“High prices are a sign of vulnerability and we have a heightened risk of a collapse,” said Robert Shiller, the Yale economist. “But I am just not in the mood to say it’s coming soon.”
Shiller was awarded the Nobel Prize in economics in 2013 for his work on the analysis of asset prices. He predicted the financial crises of 2008 by correctly identifying the fragility of the housing boom in the United States, so his comments are regarded with particular interest. He spoke to Prospect when global stock, bond and house prices were all close to historic highs.
He was deeply concerned at the high valuations, especially of Government bonds. These are contracts sold by governments, which promise buyers a series of interest payments, and eventually the repayment of the cost of the bond. Governments use bond markets for borrowing. Analysts believe that bond prices are due for a fall. In May, financial markets began selling government bonds, especially those of Germany, prompting fears that the collapse had begun. That global sell-off continued into June and the possibility of a collapse in bond prices is now seen by specialists as a grave threat, even if, like Shiller, they do not know when it might occur.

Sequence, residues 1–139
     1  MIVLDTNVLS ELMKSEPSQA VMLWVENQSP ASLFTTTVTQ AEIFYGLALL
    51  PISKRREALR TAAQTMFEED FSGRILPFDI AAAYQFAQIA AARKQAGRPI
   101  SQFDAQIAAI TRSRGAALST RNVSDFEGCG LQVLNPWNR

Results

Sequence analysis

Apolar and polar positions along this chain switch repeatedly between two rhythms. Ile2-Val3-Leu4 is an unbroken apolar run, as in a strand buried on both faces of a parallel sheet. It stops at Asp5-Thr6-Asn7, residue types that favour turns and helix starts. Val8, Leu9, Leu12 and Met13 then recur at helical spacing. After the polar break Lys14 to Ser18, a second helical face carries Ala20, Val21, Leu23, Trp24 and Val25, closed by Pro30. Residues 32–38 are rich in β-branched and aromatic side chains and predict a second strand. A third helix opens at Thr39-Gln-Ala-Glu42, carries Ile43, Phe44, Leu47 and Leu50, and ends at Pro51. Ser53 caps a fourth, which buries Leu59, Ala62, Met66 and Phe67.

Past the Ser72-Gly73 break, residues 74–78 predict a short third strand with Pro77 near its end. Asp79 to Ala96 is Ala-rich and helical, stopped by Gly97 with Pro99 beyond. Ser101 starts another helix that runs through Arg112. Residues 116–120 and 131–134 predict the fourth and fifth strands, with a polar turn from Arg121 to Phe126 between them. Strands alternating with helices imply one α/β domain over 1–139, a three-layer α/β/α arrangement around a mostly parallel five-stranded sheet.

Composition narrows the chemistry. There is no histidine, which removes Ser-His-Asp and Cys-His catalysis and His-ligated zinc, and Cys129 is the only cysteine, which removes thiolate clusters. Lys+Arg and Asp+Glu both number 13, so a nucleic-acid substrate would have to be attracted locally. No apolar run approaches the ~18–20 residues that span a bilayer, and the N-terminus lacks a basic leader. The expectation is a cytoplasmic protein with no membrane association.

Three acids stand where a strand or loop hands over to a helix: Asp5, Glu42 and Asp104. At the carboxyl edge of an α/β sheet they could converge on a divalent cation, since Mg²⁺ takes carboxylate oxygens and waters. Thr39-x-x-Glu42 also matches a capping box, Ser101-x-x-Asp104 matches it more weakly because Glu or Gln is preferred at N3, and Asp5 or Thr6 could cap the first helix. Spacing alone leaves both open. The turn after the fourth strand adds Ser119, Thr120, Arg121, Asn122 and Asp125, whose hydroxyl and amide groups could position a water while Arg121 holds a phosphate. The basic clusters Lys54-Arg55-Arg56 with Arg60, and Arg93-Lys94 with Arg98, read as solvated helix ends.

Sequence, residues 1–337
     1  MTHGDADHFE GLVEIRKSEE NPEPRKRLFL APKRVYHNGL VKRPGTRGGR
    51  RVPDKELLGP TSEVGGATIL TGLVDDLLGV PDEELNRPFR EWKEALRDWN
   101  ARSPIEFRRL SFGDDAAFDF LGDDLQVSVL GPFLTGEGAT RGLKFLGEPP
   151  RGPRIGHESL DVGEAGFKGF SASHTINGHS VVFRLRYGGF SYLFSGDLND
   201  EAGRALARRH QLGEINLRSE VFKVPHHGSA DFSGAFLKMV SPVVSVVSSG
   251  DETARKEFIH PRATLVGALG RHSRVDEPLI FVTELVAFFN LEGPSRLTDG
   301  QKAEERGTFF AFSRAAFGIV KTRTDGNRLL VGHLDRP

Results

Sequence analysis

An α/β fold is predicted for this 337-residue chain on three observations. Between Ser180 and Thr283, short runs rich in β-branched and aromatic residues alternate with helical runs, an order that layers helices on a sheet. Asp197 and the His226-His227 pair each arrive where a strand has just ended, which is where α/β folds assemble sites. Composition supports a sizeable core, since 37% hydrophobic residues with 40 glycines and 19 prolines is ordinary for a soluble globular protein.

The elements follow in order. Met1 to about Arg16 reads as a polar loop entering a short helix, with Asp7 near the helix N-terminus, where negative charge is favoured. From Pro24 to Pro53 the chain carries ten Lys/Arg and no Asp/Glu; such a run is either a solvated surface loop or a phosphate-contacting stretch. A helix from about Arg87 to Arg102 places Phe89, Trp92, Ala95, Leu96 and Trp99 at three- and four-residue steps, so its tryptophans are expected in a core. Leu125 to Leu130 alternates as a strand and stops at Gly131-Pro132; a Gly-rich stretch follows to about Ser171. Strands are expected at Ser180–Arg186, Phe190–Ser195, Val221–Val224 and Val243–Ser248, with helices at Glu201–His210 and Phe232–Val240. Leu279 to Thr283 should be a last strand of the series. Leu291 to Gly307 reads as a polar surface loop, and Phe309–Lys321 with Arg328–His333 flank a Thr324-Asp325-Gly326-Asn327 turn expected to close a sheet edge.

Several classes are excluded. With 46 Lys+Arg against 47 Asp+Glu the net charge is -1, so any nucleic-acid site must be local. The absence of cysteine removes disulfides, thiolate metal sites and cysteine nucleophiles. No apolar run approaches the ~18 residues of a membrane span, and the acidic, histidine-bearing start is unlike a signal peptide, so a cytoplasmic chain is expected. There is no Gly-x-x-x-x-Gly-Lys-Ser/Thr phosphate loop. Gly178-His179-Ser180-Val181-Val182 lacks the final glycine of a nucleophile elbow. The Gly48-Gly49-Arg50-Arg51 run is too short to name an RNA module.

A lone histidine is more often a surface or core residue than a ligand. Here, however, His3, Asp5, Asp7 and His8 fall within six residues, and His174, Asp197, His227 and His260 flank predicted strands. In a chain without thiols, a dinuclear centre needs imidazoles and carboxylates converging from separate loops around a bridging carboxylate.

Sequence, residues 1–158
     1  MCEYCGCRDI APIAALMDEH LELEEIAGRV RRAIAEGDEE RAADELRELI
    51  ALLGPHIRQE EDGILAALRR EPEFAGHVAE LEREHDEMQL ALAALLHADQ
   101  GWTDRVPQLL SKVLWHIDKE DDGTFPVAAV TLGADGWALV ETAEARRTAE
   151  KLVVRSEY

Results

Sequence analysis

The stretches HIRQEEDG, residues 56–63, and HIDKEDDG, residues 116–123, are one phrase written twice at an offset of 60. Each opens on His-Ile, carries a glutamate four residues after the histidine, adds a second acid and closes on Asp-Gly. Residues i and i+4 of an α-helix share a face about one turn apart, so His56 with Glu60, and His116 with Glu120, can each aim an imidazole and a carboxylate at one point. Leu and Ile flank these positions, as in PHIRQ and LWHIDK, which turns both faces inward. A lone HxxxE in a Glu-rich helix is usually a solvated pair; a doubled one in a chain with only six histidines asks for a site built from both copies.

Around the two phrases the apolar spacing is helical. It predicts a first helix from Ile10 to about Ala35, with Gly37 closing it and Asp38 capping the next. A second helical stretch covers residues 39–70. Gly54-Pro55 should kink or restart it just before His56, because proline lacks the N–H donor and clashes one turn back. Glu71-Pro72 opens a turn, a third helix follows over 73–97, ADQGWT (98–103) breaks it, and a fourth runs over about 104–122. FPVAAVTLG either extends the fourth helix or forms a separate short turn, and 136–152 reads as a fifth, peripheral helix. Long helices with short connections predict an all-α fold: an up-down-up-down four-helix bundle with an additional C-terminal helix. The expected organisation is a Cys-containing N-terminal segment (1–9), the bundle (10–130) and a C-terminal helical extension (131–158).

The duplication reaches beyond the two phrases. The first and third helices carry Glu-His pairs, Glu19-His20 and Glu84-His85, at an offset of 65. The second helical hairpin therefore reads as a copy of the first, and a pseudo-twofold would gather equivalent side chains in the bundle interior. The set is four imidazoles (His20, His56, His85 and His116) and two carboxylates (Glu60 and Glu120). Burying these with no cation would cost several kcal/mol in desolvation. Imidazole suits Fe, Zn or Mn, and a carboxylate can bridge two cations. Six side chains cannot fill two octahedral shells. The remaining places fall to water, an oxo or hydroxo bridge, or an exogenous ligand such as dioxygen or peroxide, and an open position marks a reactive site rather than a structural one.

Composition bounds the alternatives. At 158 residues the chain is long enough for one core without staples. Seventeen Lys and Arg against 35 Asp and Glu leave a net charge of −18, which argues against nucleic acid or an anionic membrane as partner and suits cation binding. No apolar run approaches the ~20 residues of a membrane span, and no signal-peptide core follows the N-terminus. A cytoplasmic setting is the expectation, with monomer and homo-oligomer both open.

When it does, the consequences could inflict severe damage on the global economy, already weakened by factors including Greece’s inability to pay its debts and the slowing Chinese economy. Governments would find it much harder to borrow and interest rates could rise sharply.
“The bond bubble, if it’s a bubble, has proceeded further, beyond what it was in either 2000 or 2005,” said Shiller, drawing a comparison with cases where financial asset prices have risen to unsustainable heights. In both cases, inflated asset prices prefigured a sharp economic reversal. “So there is this worry about another massive collapse,” says Shiller. What has caused such high asset prices? The creation of new money—quantitative easing (QE)—by central banks, including the Federal Reserve in the US, has had an upward effect on the value of assets, including bonds. But high prices cannot be ascribed to QE alone.
“There’s a figure showing how interest rates—and real interest rates—have declined gradually over 20 years,” said Shiller. Lower interest rates tend to coincide with higher bond prices, meaning that current high…